Fincher credits Palahniuk’s source novel for most of the above. “We literally went over that script a dozen times asking, ‘How do we get this line in?’” he says. “ Fight Club is a movie that until it came out on DVD was an abject failure. I remember coming out of that screening in Venice [at the Venice Film Festival]—certainly the response in the room was not what we were looking for—and going out on a speedboat with Brad, and he said, ‘I could not be happier at this moment. I’m so proud.’ And Edward said the exact same thing the same night. That’s ultimately why you do it. Yes, you want everybody to love your movies, but you can’t count on that. So you make them, and hopefully they come from a place inside you that has questions yet to be answered.”
“In Hollywood, it’s a sin to try for greatness and fail, because that’s irresponsible. And I think part of it is because they honestly believe the audience has no expectations. But there are people at key places in town who got into this business because they want to be immortal. They want to make stuff that stands the test of time. You can argue all you want about what the audience wants, but the fact of the matter is, a lot of it is just gut. I learned my lesson on Alien 3, which is: You’re going to get the blame, so you might as well just do it the way you want. It’s your fault no matter what.”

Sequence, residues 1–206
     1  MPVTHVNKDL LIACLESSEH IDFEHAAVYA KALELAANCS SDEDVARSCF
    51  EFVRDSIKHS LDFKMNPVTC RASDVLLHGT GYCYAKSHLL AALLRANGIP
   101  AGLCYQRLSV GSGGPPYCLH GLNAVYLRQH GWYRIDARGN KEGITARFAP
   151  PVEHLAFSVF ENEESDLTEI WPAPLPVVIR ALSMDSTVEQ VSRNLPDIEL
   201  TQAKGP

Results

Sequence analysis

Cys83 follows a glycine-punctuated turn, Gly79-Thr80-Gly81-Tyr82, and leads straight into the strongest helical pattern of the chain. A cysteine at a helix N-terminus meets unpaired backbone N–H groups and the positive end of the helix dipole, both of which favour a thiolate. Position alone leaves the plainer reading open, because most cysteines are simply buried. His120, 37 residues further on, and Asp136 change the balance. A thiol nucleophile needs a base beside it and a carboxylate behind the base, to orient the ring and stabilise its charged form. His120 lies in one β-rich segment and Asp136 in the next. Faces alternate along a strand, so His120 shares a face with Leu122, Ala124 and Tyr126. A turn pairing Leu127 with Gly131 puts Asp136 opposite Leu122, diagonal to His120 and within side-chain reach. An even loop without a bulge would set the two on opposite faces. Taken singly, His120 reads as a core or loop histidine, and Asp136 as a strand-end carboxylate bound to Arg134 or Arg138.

Paul Cullum is a freelance writer living in Los Angeles. He has written for The New York Times, the Los Angeles Times, L.A. Weekly, Variety, Details, Radar, Vanity Fair and hundreds of tiny magazines that pay comically little.